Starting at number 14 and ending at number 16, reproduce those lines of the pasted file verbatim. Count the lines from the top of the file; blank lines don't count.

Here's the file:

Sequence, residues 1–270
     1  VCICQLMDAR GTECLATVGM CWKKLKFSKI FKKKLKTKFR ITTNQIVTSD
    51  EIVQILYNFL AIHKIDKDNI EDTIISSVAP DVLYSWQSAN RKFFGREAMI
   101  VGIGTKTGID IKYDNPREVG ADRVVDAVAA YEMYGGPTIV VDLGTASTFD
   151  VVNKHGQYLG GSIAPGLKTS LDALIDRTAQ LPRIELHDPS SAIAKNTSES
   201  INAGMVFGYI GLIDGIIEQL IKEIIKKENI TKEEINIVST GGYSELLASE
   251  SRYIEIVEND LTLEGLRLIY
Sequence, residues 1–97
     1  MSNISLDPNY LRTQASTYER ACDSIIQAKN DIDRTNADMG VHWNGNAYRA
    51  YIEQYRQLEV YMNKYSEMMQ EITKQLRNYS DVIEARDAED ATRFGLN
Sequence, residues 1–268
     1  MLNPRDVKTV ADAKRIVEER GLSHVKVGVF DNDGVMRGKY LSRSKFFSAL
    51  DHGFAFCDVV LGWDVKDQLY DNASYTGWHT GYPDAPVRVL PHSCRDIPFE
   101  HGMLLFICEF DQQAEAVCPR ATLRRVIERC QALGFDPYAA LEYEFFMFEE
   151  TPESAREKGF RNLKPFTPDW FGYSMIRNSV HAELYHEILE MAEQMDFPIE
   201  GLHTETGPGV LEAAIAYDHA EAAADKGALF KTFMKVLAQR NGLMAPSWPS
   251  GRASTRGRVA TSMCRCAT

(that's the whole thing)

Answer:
   101  HGMLLFICEF DQQAEAVCPR ATLRRVIERC QALGFDPYAA LEYEFFMFEE
   151  TPESAREKGF RNLKPFTPDW FGYSMIRNSV HAELYHEILE MAEQMDFPIE
   201  GLHTETGPGV LEAAIAYDHA EAAADKGALF KTFMKVLAQR NGLMAPSWPS